By Colleen Slevin and Thomas Peipert, The Associated Press
ENGLEWOOD — For the second time in a month, a Colorado library has closed its doors to clean up methamphetamine contamination.
Officials in the Denver suburb of Englewood shut down the city library last week within a couple of hours of getting test results Wednesday showing that the contamination in the facility’s restrooms exceeded state thresholds, city spokesman Chris Harguth said.
Other spaces such as countertops also tested positive for lower levels of the drug and will require specialized cleaning, he said. The larger-scale remediation work will include removing tainted surfaces, walls, ductwork and exhaust fan equipment.
The city of about 33,000 just south of Denver decided to test for the drug after officials in the nearby college town of Boulder closed its main library after finding meth contamination, Harguth said.
It is the latest example of the balancing act urban libraries have to navigate between making their facilities be welcoming to all while keeping them clean and safe. When a rash of overdoses in libraries were reported in the mid 2010s as the opioid crisis grew across the United States, some libraries were equipped with the antidote Naloxone, known by the brand name Narcan.
So far it seems library closures triggered by methamphetamine contamination are limited to Colorado, according to spokesman Raymond Garcia of the American Library Association, which is unaware of any happening elsewhere across the country in recent years. The group declined to comment on whether drug use has been increasing in libraries, citing a lack of up-to-date data.
Health officials say meth residue can be an irritant, causing symptoms like an itchy throat, a runny nose and bloodshot eyes. But secondary exposure isn’t believed to cause long-term, chronic health concerns, Harguth said.
Drug use is not common in the Englewood library, but reports of it have increased in recent months as colder weather led more people to seek shelter there, with only a small number of them using, library director Christina Underhill said. More broadly, the library has attracted more homeless people since fully reopening after closing at the beginning of the pandemic.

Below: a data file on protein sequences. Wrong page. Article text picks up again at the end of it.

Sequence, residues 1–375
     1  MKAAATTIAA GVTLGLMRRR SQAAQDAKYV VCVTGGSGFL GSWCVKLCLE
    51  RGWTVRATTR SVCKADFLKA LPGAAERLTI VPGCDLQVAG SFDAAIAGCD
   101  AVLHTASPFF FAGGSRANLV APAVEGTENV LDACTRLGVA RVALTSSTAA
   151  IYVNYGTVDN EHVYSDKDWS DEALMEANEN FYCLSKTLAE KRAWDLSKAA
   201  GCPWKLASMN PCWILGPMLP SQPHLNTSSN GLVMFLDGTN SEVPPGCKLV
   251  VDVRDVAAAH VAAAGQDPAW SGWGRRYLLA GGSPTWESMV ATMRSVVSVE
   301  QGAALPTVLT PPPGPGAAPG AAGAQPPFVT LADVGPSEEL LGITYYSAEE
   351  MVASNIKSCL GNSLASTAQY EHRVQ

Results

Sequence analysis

“We’re very accommodating,” Underhill said. But “there are some individuals who abuse this space and unfortunately put us in this position.”
Brenda Folsom, who was picking up her grandchildren from school near Englewood’s library on Thursday, said she has seen an increase in drug use in the area over the last two years, particularly at her local park. She is concerned her 3- and 8-year-old grandsons, who go to the library with their father, and other curious children might pick up needles and other drug paraphernalia in its bathrooms.
“I think if they would clean their restrooms a little more or paid attention to the restrooms and stuff or the people going in there, they wouldn’t have this problem,” Folsom said. In her view, the library should have better security and more frequent checks of the facilities.
Boulder officials suggested that their city’s library closure last month was the result of strict state rules for cleaning up meth once testing reveals it. They also pointed out that standards for how much meth contamination is acceptable were developed with an eye toward homes, where frequent exposure is more likely than in public buildings.
Colorado’s rules are “some of the most conservative in the nation, using an abundance of caution to protect infants and children from exposure,” the city said in a Dec. 28 statement.
The Daily Sun-Up podcast | More episodes
The Boulder library has since reopened, but its bathrooms remain closed as crews do decontamination work including replacing fans and vents, spokesperson Annie Elliott said. Once that is done, the bathrooms will remain locked and anyone needing to use them will have to ask a staff member or security guard for access.
The Englewood library has made some changes to help homeless people who go there. An outreach group comes each Monday to offer services like help getting identification, food vouchers and housing, according to Underhill.
However after some library users said they did not feel safe, the city hired security guards last year, she said. It also established a code of conduct with the aim of helping librarians be able to enforce rules.
Englewood also recently increased funding to add more staff in hopes of deterring drug use, according to the library’s website.
“The use of the library has changed,” Underhill said. “More people are coming to use it as a shelter area.”